“I know how you feel. I never feel blacker than when I look for an apartment.” This is what my sister said to me as I vented to her about my housing search. At this point, I believe that finding a kidney would be easier than finding a place to stay. It wouldn’t be so frustrating except I’m at a point in my life where I have money saved in the bank so 1st, last and security is no problem. I’ve been at my job a year this month and I’ve lived in Springfield just as long, having never been late with my rent. But then the thing that strikes fear in the heart of all reformed money mismanagers rears its ugly head: the credit check.
Anyone who’s ever struggled with money knows the financial gymnastics you may have to perform to keep the roof over your head. And common sense should tell you that if the choice is to pay your rent or any other bill, you pay your rent. All of this would result in bad credit. This begs the question: If I can’t get an apartment because of my bad credit, how does my credit improve with homelessness? It just seems like a vicious cycle.
But even with my admittedly bias indignation over the credit check for housing, I could grin and bear it if it wasn’t for the blatantly racist way it’s used. For those of you who don’t know, let me walk you through the typical minority renter’s apartment search. (As a side note, I would just like to state how ironic it is that I have to go through this more in “liberal” western Massachusetts than I did in supposedly racist Charlotte, North Carolina)
To save yourself a bunch of time, you’re going to want to ignore all areas that you are reasonably sure the people will never rent to you. These are usually middle-class areas with a strong white ethnic overtones (Italian, Irish, Jewish). In my area that would be the towns of Longmeadow, East Longmeadow, Ludlow, Agawam, Westfield, Wilberham and Palmer. While most of these people had pretty much abandoned Springfield proper, you have to know that most parts of Forest Park are pretty much off limits as well as the area bordering it as it goes into Longmeadow.
Then you look at the areas that are hit or miss. These are usually lower middle-class, but well-kept neighborhoods. If you put on your whitest voice over the phone, you may get to see the apartment. Then after you wash your car, put on your most non-urban outfit, and impress the landlord into thinking you’re one of the good Negros, their need to rent the apartment might overule their racism. At this point, I can’t express enough the importance of cash. Because if there is any reservations left at all, they’re going to pull the credit check card and the only successful counter to that is the offer to pay 1, 2 or 3 months rent in advance.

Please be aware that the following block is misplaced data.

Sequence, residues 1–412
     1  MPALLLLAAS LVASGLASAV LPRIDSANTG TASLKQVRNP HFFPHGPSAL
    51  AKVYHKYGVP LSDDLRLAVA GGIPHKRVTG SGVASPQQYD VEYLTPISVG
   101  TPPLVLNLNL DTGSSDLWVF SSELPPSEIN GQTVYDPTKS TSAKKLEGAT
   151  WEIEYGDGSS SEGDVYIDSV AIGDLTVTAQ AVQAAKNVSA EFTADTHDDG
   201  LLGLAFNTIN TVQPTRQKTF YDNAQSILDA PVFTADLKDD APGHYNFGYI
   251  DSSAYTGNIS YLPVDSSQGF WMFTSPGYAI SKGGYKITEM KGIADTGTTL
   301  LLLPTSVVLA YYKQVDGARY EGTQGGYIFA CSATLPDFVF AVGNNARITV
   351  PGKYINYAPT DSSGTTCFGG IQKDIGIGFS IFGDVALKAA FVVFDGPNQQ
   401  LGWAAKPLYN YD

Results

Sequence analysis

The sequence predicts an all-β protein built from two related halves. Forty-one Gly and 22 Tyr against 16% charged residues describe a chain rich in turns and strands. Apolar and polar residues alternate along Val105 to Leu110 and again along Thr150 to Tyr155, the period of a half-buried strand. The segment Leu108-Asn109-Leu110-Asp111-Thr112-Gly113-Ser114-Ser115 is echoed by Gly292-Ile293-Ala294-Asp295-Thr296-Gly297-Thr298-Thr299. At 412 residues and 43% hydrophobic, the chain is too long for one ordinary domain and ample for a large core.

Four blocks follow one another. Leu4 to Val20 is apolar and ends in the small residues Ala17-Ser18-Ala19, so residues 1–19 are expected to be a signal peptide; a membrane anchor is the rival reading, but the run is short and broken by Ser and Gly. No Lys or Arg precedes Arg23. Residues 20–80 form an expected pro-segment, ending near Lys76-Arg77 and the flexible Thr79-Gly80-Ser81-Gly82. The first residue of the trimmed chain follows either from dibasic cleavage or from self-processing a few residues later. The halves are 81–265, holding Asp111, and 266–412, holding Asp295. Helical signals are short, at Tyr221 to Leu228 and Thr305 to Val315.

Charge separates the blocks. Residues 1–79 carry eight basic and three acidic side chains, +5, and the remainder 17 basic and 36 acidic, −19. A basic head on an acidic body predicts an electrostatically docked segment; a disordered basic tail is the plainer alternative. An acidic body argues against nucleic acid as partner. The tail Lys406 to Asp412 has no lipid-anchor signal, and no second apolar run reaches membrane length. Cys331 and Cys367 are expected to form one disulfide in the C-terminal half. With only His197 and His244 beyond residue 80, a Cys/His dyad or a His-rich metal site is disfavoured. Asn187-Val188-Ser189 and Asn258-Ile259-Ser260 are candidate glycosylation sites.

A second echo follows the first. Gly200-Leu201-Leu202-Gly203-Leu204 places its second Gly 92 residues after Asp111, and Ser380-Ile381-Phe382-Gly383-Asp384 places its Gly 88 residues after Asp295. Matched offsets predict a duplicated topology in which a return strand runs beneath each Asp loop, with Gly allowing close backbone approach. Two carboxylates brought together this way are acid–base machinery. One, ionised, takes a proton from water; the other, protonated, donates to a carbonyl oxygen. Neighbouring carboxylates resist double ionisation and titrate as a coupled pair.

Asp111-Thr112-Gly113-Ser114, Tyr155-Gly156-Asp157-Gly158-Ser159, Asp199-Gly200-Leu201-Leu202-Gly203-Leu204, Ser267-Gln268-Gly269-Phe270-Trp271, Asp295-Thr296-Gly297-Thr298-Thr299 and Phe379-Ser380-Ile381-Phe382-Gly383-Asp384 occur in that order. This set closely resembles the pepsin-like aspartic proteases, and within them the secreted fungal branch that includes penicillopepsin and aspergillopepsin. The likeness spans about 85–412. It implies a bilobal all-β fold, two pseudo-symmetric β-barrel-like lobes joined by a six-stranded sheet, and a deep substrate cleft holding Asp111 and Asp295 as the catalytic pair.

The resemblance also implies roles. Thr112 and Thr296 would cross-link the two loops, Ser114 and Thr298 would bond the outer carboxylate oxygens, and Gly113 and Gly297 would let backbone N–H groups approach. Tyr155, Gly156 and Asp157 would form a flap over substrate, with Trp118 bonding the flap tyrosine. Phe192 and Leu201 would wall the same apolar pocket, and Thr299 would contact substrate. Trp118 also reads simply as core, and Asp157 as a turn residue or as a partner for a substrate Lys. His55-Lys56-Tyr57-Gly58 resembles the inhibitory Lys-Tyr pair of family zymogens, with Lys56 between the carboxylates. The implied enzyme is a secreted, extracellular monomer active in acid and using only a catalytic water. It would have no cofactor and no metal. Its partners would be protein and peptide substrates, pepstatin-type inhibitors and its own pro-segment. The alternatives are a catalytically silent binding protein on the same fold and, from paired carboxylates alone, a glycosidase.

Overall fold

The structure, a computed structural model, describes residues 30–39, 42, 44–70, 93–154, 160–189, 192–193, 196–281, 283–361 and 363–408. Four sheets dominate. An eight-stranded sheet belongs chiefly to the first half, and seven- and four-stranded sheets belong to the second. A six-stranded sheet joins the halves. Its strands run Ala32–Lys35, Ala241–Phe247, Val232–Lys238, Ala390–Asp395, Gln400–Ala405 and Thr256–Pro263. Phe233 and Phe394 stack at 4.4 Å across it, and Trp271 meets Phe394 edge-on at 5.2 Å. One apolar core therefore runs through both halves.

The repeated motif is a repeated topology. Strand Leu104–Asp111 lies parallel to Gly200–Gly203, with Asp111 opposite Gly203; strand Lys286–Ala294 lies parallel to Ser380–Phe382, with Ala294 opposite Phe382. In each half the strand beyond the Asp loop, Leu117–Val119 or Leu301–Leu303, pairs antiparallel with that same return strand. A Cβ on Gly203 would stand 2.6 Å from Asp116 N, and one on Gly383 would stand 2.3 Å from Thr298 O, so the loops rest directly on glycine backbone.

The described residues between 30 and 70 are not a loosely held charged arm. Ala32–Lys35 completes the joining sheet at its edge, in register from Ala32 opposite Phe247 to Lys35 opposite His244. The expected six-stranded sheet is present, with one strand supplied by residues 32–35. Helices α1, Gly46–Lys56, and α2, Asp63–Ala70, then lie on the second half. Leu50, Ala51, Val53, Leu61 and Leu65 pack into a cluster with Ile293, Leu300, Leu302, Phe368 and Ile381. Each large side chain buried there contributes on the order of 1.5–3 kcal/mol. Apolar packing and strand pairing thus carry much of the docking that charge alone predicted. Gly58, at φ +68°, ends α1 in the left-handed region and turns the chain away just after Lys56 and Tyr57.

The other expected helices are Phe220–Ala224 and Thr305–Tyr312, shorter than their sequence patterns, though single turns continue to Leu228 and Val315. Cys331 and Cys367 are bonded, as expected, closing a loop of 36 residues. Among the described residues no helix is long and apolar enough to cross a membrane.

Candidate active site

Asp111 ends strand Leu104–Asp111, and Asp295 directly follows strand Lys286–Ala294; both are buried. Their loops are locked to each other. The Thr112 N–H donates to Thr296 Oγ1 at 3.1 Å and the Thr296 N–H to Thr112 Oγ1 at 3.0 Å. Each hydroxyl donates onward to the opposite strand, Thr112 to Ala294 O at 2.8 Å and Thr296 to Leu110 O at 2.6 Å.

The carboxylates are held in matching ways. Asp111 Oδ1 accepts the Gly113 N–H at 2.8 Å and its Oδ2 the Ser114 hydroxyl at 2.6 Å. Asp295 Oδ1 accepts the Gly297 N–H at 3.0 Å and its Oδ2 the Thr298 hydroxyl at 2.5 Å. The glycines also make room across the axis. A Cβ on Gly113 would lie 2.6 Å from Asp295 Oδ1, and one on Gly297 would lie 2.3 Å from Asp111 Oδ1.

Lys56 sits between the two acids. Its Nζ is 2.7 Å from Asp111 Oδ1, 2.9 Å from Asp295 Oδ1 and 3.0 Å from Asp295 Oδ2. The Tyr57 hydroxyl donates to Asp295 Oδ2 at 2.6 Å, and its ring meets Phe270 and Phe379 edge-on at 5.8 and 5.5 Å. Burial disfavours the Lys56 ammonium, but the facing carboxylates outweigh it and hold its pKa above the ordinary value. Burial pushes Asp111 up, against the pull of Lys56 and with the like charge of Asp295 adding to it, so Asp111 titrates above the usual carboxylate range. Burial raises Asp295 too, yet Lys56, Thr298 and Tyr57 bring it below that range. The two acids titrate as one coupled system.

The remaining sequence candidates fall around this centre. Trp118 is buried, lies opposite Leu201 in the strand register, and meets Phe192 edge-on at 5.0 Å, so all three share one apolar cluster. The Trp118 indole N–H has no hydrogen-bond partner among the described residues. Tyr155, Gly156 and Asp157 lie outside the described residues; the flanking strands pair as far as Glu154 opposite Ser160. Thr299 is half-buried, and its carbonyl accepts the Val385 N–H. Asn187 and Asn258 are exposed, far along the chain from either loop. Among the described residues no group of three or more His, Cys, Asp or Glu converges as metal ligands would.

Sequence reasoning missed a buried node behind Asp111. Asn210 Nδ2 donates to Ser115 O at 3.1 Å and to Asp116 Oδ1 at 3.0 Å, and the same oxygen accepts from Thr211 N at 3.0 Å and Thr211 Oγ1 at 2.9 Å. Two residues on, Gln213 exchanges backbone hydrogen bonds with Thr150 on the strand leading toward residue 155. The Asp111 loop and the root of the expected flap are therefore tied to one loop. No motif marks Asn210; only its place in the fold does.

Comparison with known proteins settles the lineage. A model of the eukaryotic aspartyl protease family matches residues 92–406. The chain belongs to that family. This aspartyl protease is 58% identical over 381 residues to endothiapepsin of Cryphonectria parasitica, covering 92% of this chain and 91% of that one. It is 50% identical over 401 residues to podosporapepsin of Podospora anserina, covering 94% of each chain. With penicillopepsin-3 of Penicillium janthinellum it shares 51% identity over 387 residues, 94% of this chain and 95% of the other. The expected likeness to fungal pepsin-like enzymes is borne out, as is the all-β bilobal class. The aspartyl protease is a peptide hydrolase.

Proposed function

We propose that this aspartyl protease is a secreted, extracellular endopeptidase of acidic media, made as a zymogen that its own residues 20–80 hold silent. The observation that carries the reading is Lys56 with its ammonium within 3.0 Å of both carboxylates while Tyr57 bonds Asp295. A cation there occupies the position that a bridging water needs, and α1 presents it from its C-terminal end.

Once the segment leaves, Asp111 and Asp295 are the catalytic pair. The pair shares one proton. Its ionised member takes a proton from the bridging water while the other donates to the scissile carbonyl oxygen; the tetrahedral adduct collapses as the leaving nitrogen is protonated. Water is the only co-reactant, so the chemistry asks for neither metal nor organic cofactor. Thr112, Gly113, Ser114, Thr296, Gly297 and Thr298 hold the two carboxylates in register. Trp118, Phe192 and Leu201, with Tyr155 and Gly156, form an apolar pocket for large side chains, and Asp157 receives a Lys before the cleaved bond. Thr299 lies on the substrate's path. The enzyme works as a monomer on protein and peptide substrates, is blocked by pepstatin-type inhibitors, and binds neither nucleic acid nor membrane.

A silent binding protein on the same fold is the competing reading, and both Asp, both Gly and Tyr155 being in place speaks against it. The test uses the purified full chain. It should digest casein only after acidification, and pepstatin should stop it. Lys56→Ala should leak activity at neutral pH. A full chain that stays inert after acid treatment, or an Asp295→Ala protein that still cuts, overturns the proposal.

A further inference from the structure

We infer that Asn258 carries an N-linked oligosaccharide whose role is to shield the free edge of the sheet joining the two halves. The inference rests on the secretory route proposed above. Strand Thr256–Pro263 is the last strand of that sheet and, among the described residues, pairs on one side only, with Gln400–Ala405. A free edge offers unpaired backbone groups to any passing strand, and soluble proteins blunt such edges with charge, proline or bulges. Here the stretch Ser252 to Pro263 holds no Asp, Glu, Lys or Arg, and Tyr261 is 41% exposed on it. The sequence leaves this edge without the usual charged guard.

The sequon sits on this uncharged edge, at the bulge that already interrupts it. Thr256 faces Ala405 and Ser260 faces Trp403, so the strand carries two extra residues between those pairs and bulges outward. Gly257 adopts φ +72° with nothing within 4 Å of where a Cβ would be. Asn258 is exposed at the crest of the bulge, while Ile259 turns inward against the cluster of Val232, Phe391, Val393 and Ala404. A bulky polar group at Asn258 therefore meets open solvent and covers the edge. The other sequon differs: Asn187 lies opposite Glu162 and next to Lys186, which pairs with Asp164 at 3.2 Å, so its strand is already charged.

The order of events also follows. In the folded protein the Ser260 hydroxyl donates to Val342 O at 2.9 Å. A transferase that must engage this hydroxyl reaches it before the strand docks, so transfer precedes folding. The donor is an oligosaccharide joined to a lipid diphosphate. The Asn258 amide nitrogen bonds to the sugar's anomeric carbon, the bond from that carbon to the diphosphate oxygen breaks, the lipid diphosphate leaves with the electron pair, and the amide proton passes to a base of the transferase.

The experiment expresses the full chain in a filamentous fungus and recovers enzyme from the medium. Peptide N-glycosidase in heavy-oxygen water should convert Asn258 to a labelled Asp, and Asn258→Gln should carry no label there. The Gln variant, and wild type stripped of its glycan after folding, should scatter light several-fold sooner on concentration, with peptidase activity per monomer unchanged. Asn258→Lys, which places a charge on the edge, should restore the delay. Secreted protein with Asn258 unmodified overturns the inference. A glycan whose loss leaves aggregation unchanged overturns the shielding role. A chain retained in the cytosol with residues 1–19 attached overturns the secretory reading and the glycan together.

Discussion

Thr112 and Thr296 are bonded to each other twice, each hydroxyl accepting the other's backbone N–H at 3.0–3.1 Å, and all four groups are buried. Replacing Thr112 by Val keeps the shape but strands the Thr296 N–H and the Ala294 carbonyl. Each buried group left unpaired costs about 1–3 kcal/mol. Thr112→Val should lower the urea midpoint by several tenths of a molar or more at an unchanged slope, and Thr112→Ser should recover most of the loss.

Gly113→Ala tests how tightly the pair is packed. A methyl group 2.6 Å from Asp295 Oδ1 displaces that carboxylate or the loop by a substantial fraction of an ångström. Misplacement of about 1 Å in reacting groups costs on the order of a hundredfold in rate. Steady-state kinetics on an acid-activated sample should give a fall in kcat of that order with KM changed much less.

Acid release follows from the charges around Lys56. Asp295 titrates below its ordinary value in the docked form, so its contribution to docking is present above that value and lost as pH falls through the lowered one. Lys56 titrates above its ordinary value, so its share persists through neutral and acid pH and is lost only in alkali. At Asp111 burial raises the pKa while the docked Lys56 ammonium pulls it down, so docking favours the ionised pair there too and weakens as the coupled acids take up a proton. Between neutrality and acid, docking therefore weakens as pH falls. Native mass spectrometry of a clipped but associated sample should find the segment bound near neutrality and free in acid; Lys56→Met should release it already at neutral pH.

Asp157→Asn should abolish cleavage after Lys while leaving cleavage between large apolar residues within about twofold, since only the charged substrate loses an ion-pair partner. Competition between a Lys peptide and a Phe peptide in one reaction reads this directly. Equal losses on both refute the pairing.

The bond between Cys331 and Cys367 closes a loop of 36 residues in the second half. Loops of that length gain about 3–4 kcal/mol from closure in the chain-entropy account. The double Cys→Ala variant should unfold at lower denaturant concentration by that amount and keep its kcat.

The minority renter’s Holy Grail however is the aging neighborhood. The east Springfield neighborhood bordering Chicopee where I was living was a perfect example. Here’s why aging neighborhoods are so great:
Most older residents have been living in their homes for years and have taken excellent care of them. So that any you rent in the area will have minimal problems. But beware the ones where the family let the house go after extended illness.
You will still get good government services in those areas. Mail will come on time, the garbage people won’t just throw your can on its side, street cleaners will come through occasionally, your street will get plowed and your electricity will get turned back on quicker during outages. Most importantly, police and ambulances will still come quickly during emergencies.
They are also comparitively easy neighborhoods to get into because many times the families have inherited the homes but also have their owns established lives. The rent will be relatively reasonable because they want to attract good, steady tenants who will keep the property in good order with minimal headaches on their part. As long as the property taxes and whatever mortgage is left are covered, they’re happy.
The biggest mistake the inexperienced minority renter makes is confusing the aging neighborhood with one in the midst of white flight. If you plan on staying someplace less than 2 years it really doesn’t matter. But if you have children or plan on settling in for the long haul, avoid white flight neighborhoods whenever possible.
Why? Well, take that list of aging neigborhood benefits and imagine living it’s polar opposite all while paying premium rent because the area is banking on it’s residual reputaion as a good neighborhood.